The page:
David Wilkerson
April 15, 2016

King David was overwhelmed by the anti-God spirit of his day. He cried out to the Lord, “Consider mine enemies; for they are many; and they hate me with cruel hatred” (Psalm 25:19). Likewise, Psalm 124:2-3 tells us: “If it had not been the Lord who was on our side, when men rose up against us: then they had swallowed us up quick, when their wrath was kindled against us.”

David expresses what many in the Church feel today. At times it seems that we’re helpless to stand against the evil forces amassing. I can hardly believe how, day after day, the morals of our country are being trampled into the dirt.

Will the Lord allow this wrath against Him and His Church to go on until our society becomes like Sodom, with every man a law unto himself? No, never! Right now, we are experiencing the Lord’s incredible patience. He is going to bring judgment, but all His judgments are meant to redeem. Isaiah gives us a wonderful picture of this:

 “And I will bring the blind by a way that they knew not; I will lead them in paths that they have not known: I will make darkness light before them, and crooked things straight. These things will I do unto them, and not forsake them. They shall be turned back, they shall be greatly ashamed, that trust in graven images, that say to the molten images, Ye are our gods. Hear, ye deaf; and look, ye blind, that ye may see” (Isaiah 42: 16-18).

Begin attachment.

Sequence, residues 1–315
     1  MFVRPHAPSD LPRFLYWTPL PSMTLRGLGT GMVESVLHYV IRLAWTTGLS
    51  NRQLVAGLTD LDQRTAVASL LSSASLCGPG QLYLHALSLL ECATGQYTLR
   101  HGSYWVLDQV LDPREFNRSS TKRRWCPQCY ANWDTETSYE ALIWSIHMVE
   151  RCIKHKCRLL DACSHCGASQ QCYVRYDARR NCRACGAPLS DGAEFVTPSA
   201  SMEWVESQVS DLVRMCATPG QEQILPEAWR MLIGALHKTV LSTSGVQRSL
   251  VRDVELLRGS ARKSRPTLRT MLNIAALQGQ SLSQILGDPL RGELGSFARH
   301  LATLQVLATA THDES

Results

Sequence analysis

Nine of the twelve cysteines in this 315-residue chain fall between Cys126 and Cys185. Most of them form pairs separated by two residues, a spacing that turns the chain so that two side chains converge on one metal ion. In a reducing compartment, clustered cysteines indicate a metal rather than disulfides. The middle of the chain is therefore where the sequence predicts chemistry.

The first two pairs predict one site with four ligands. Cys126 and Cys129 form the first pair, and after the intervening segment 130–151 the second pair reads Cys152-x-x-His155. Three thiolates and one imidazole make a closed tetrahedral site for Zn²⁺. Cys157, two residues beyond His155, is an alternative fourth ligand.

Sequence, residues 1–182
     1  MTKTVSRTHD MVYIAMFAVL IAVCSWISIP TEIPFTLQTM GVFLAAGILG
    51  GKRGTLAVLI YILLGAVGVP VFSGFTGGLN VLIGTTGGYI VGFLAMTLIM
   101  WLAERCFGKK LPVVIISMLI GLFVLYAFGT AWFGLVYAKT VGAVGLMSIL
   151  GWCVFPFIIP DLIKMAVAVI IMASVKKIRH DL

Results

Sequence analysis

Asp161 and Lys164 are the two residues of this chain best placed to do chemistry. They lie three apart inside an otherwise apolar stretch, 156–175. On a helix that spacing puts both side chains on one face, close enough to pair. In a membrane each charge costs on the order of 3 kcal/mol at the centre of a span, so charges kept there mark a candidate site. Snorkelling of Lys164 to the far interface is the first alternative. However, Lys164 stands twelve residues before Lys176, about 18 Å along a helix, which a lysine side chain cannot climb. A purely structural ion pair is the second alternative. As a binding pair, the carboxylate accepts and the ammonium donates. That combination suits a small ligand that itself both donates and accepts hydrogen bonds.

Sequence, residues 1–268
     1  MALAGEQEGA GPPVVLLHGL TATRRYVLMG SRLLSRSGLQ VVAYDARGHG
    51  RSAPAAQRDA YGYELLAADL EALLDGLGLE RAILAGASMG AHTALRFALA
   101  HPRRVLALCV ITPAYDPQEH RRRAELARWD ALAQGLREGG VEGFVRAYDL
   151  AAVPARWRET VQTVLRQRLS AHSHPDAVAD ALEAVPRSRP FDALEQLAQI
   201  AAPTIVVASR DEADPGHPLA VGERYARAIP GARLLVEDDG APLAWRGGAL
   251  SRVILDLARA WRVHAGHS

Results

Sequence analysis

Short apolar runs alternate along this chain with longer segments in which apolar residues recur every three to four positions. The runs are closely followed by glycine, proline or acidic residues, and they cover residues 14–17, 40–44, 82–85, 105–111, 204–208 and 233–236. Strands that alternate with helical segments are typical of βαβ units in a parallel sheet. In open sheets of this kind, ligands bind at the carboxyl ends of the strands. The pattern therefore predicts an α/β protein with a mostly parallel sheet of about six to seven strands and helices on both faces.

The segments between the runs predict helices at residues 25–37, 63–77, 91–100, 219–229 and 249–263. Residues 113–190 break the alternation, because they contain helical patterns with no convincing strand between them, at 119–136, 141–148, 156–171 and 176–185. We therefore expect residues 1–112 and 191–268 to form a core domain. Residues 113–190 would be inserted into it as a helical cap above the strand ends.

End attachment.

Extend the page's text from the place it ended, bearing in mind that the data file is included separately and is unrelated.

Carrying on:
Beloved, the divine grace Isaiah describes turned Saul the persecutor into Paul the apostle. It raised up a multimillion-member church in communist China. It’s sending refugees fleeing from terrorism and war into the loving arms of devoted servants of Christ. And right now, a Teen Challenge center in a country dominated by false religions has raised up five hundred converted drug addicts who are eager to preach Christ. God is indeed pouring out His redeeming grace in these last days.

We are not to fret over the battles that Satan seems to be winning. The battle we are in is an eternal one and the gates of hell will not prevail against Christ’s Church. Our Father has declared it: Jesus already reigns as King!

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David Wilkerson
April 14, 2016

Today, a radical, pagan religion is a kind of Babylon with mad leaders like King Nebuchadnezzar. This religion is threatening the whole world with its demand to worship its deity. Terrorist organizations with religious support are demanding: “Bow to our god, or we will blow up your airplanes. We’ll bomb your towns, trains, buses and tunnels. We’ll kidnap you, torture you and behead you. Our religion is going to prevail.”

As we consider such demonic forces, we should turn to the story of Nebuchadnezzar and those three faithful servants of God that is related in Daniel 3. It tells us that in a single hour, the Lord came down and delivered His servants—and that changed everything.